Michaeleen Doucleff Michaeleen Doucleff is a correspondent for NPR's Science Desk.
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Michaeleen Doucleff

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Michaeleen Doucleff 2016
Sanjit Das/NPR

Michaeleen Doucleff

Correspondent, Science Desk

Michaeleen Doucleff is a correspondent for NPR's Science Desk. She reports for the radio and the Web for NPR's global health and development blog, Goats and Soda. Doucleff focuses on disease outbreaks, drug development, and trends in global health.

In 2014, Doucleff was part of the team that earned a George Foster Peabody award for its coverage of the Ebola outbreak in West Africa. For the series, Doucleff reported on how the epidemic ravaged maternal health and how the virus spreads through the air. In 2015, Doucleff and Senior Producer Jane Greenhalgh reported on the extreme prejudices faced by young women in Nepal when they're menstruating. Their story was the second most popular one on the NPR website in 2015 and contributed to the NPR series on 15-year-old girls around the world, which won two Gracie Awards.

As a science journalist, Doucleff has reported on a broad range of topics, from vaccination fears and the microbiome to beer biophysics and dog psychology.

Before coming to NPR in 2012, Doucleff was an editor at the journal Cell, where she wrote about the science behind pop culture. Doucleff has a doctorate in chemistry from the University of Berkeley, California, and a master's degree in viticulture and enology from the University of California, Davis.

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When COVID-19 first broke out in Wuhan, scientists tracked a large number of the cases to the Huanan Seafood Market in Wuhan. Above: The Wuhan Hygiene Emergency Response Team departs the market on Jan. 11, 2020, after it had been shut down to prevent the spread of the coronavirus. Noel Celis/AFP via Getty Images hide caption

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Noel Celis/AFP via Getty Images

Encouraging Collaboration Early On Can Lead To More Helpful Children Later

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The Origins Of COVID-19? WHO Report Points To A Bat After All

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World Health Organization investigative team member Peter Daszak (shown here during a trip to China in February) tells NPR that the group's report calls for additional research on farms that breed exotic animals in southern China. Hector Retamal/AFP via Getty Images hide caption

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Hector Retamal/AFP via Getty Images

A researcher with Franceville International Medical Research Centre collects bats in a net on November 25, 2020 inside a cave in Gabon. Scientists are looking for potential sources for a possible next coronavirus pandemic. Steeve Jordan/AFP via Getty Images hide caption

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Steeve Jordan/AFP via Getty Images

Next Pandemic: Scientists Fear Another Coronavirus Could Jump From Animals To Humans

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Understanding Where Coronaviruses Come From And How They Enter Humans

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The author's daughter, Rosy, at age 2 as she does dishes — voluntarily. Getting her involved in chores did lead to the kitchen being flooded and dishes being broken. But she is still eager to help. Michaeleen Doucleff/NPR hide caption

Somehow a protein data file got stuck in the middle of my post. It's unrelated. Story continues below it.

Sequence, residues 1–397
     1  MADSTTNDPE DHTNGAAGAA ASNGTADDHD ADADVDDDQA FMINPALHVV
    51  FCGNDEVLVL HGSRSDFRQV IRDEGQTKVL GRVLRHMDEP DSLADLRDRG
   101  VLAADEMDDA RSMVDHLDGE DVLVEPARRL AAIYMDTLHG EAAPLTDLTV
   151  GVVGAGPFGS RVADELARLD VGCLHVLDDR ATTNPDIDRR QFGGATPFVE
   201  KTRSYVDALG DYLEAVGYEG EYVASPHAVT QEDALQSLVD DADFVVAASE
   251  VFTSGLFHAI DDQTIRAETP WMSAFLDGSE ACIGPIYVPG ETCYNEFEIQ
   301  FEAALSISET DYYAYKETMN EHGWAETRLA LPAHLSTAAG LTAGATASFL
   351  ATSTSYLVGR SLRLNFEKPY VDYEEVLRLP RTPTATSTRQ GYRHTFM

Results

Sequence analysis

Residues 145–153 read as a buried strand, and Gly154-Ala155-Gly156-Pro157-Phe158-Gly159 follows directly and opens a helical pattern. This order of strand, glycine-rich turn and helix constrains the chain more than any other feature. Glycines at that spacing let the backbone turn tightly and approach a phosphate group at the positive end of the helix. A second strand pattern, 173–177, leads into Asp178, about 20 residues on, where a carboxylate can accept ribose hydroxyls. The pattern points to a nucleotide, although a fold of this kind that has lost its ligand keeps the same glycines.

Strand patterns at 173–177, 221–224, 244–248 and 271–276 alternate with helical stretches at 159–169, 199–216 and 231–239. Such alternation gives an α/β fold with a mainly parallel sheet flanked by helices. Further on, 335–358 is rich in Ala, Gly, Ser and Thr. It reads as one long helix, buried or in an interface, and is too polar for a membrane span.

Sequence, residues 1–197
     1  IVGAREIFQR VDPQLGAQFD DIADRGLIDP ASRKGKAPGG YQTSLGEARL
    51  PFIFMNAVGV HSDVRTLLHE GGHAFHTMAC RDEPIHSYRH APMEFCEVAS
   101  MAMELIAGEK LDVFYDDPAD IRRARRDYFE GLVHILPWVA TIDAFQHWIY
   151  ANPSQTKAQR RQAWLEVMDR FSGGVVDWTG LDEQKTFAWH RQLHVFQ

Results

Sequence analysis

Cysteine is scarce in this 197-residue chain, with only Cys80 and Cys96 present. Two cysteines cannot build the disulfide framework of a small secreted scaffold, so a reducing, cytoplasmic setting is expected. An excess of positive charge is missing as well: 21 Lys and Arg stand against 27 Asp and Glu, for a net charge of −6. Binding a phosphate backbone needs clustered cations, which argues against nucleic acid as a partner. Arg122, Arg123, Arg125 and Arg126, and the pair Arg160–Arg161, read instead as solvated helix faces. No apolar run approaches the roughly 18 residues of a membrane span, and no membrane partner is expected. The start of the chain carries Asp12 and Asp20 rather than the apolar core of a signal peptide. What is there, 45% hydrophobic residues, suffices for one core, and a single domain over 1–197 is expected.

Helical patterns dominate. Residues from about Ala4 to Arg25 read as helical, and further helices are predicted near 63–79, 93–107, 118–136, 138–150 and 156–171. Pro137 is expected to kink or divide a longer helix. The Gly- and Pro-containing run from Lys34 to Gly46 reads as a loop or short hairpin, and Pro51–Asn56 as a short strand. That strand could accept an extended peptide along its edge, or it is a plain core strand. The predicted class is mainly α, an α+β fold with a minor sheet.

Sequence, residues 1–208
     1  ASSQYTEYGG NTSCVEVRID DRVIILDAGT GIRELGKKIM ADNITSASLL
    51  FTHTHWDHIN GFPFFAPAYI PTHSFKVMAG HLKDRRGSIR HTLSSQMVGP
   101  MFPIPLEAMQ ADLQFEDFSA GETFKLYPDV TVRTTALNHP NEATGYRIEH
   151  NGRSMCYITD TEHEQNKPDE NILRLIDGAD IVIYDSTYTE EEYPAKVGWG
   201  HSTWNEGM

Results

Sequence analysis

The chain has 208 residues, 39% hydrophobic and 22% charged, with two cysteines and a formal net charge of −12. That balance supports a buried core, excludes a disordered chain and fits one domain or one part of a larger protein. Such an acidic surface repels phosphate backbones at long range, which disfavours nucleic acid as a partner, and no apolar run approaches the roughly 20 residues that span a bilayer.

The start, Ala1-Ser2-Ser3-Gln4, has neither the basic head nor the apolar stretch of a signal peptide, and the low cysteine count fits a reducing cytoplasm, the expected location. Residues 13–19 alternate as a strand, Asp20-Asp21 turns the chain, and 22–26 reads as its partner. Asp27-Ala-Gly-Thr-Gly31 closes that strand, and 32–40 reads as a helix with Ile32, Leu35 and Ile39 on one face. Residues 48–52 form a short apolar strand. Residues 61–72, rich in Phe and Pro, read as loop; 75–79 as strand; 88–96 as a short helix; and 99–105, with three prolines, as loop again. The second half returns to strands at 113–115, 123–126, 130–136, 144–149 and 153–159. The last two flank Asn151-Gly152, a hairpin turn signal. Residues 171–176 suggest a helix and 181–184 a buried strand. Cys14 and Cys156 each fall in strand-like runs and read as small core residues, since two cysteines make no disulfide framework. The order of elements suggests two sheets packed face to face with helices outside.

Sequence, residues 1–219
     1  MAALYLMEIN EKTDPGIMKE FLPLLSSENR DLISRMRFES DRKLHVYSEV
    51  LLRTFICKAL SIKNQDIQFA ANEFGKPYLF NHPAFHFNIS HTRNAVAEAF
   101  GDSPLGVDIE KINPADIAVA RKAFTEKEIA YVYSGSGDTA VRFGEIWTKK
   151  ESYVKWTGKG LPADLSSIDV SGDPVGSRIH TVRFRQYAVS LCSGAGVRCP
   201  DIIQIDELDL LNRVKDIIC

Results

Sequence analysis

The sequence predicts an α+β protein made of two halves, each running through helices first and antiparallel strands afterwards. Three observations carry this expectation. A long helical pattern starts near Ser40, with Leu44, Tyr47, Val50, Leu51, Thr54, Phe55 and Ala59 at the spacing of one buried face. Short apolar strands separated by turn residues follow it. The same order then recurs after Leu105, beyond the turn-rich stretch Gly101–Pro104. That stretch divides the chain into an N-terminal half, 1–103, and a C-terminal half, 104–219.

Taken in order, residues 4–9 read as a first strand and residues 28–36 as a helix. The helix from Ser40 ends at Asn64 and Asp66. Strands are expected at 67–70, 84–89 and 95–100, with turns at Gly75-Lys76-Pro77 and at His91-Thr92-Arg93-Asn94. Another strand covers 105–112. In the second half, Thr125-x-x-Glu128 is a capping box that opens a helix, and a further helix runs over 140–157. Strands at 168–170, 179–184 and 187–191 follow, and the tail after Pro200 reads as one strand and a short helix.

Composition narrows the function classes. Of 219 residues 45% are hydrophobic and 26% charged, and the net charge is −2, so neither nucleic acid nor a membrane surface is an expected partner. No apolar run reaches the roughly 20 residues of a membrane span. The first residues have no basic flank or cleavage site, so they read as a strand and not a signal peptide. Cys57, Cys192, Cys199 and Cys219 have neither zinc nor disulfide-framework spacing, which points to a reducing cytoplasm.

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Michaeleen Doucleff/NPR

Are We Raising Unhelpful, Bossy Kids? Here's The Fix

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A health officer in a protective suit collects a sample from a package of imported frozen food for a coronavirus rapid test at a wholesale market in China. Wu Zheng/VCG via Getty Images hide caption

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Wu Zheng/VCG via Getty Images

Can Frozen Food Spread The Coronavirus?

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Can COVID-19 Be Transmitted Through Frozen Food Shipments?

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World Health Organization Finishes Investigation Into Origins Of COVID-19

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An illustration of the variant found in the United Kingdom. To infect a cell, the virus's spike protein (red) has to bind to a receptor on the cell's surface (blue). Mutations help the virus bind more tightly. Science Source hide caption

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Science Source

Extraordinary Patient Offers Surprising Clues To Origins Of Coronavirus Variants

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Indigenous health care workers treat patients last week at a campaign hospital set up in the Parque das Tribos neighborhood of Manaus, Brazil. Oxygen shortages at hospitals in Brazil's Amazon prompted authorities to airlift patients to other states. Jonne Roriz/Bloomberg via Getty Images hide caption

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Jonne Roriz/Bloomberg via Getty Images

Following the recent surge in cases including the new variant of Covid-19, the most recent lockdown in the United Kingdom advises all citizens to follow the message to stay at home, protect the hospital system and save lives. Mike Kemp/In Pictures via Getty Images hide caption

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Mike Kemp/In Pictures via Getty Images

What The Spread Of Coronavirus Variants Means For The U.S.

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Moderna Is Working On Booster Shot To Protect Against COVID-19 Variant

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